My fifteen years as a trial lawyer in Central Florida have reinforced a basic truth: In litigation, “knowledge is power”. Plainly, you want to give your lawyer as much power as possible. The kind of knowledge you pass on to your lawyer varies from case to case, but one thing never changes — the importance of the first meeting of lawyer and client. It is a critical event.
Let’s start with the “don’ts”. It is not enough to simply tell the lawyer what help you need, or why you are seeking legal advice. NEVER simply meet and greet the lawyer, leaving her with a box of documents to sort through. Don’t leave her to guess at which documents are important, or your view of what their meaning is. Whether you are seeking legal advice for litigation (personal injury, contract breach), business formation, a family law matter (custody, divorce, marriage, child support), criminal defense, or estate tax planning, the more your lawyer knows, the better your lawyer can help you. Perhaps more importantly, the sooner your lawyer knows, the better your lawyer can help you. In the legal business, sooner and better are often synonymous with “increased chances of success” and “more efficient use of the lawyer’s time”.
Now the “do’s”. Arrive at the initial meeting armed with as many details as you can: names, dates, insurance information (if applicable), addresses, and documents are a minimum. Even better is a timeline, a description of the issues and people, and a written narrative of key events, all of which you can give your lawyer to learn from and build upon. Now do more. Tell your lawyer what your goals are, where your priorities are, and where you think the lawyer’s priorities should be in your case. He may not agree with you, and if not, ask why. Sometimes, the lawyer and the client simply cannot see eye-to-eye — something best learned and dealt with during the initial attorney-client interview, and not six months later. More often, the lawyer can explain strategies and insights unknown to the client, or at least seen from a different perspective.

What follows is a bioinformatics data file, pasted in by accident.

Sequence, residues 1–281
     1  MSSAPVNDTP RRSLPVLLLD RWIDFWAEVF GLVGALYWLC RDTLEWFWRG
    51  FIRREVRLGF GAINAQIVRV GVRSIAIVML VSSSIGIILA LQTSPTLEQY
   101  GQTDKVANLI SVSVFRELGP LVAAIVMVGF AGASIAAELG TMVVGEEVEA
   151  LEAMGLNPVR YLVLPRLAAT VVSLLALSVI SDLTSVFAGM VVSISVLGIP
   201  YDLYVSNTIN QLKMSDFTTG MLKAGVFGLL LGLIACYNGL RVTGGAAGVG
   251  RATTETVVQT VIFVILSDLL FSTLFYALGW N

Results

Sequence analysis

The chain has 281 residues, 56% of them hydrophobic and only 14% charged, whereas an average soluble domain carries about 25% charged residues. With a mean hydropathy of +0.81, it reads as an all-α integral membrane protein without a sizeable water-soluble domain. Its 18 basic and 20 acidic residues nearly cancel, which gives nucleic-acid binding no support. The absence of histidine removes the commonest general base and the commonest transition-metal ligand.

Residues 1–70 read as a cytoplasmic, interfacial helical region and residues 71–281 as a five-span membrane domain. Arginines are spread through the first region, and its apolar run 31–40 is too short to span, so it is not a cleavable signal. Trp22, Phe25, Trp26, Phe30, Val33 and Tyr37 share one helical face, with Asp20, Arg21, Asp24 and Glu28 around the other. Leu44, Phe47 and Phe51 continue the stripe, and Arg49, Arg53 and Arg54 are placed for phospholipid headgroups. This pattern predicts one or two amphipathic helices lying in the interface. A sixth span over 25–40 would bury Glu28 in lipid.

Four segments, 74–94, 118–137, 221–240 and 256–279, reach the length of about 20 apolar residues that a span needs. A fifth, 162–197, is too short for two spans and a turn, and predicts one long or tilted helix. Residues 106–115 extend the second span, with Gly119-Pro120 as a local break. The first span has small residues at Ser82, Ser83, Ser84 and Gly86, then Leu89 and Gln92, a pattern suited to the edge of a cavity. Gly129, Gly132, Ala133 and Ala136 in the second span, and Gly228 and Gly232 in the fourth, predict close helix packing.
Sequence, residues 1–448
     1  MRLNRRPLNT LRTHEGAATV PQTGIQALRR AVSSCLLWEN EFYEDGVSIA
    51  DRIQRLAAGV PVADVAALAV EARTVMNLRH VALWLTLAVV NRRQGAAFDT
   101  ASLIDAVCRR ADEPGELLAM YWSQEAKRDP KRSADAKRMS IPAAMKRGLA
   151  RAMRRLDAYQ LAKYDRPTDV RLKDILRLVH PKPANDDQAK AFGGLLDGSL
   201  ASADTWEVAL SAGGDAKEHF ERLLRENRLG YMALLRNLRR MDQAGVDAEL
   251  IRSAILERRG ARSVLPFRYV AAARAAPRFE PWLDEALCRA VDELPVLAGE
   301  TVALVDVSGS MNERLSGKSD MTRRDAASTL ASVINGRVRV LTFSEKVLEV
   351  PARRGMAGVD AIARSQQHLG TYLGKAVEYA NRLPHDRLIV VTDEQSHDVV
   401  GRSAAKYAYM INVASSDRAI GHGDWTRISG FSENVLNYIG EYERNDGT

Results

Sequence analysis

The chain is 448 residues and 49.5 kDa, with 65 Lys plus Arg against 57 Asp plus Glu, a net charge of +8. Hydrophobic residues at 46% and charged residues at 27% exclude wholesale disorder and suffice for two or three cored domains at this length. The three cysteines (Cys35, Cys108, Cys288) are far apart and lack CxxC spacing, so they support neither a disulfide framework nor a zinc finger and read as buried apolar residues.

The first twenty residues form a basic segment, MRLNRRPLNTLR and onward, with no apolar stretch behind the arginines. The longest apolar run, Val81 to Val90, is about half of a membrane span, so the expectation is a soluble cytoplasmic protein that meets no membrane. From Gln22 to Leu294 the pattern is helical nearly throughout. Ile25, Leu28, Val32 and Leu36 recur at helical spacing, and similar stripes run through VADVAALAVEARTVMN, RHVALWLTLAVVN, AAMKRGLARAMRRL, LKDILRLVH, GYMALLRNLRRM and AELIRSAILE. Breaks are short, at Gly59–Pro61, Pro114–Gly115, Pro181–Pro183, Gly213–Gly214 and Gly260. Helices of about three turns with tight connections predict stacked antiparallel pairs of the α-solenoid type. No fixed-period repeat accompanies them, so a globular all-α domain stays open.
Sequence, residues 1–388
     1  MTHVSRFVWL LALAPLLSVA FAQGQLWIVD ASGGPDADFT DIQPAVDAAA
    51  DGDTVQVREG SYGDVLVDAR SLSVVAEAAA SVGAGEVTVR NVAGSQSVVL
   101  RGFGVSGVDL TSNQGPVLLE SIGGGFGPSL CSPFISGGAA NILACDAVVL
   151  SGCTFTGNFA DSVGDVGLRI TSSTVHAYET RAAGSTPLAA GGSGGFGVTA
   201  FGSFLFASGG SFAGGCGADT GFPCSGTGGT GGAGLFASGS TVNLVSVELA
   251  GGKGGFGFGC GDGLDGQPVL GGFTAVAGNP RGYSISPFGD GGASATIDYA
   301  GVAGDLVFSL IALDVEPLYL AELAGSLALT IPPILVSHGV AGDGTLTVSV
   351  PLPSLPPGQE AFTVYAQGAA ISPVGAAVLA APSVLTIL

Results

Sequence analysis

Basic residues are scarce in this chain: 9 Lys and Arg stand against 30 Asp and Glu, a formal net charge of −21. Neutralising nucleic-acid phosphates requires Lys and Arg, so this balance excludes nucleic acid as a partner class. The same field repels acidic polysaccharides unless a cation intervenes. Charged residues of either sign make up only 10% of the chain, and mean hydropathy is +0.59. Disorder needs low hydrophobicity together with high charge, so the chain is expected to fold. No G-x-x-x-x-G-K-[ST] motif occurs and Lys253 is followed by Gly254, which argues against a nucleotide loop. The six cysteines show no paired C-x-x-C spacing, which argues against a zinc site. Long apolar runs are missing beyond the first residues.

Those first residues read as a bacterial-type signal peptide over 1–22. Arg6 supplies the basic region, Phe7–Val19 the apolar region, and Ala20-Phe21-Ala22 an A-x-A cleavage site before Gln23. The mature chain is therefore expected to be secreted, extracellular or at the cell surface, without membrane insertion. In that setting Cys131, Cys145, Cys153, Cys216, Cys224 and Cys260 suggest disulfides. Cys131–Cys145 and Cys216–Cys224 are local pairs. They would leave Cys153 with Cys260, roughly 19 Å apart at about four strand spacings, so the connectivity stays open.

Before the first meeting, your lawyer may have done a “conflict check” to ensure there are no ethical conflicts with other clients he or she represents. If not, then this too must be part of your initial meeting.
If well handled by both attorney and client, the initial meeting concludes with a clear set of goals and a plan for how to achieve them. Especially in litigation, new facts are often discovered and the “how” of your original plan may need some changes. The goals and overall strategy developed in the first meeting seldom do, though.
Knowledge is power, for both attorney and client. No attorney ever complained that he knew too much, or was too well informed. Neither have any clients.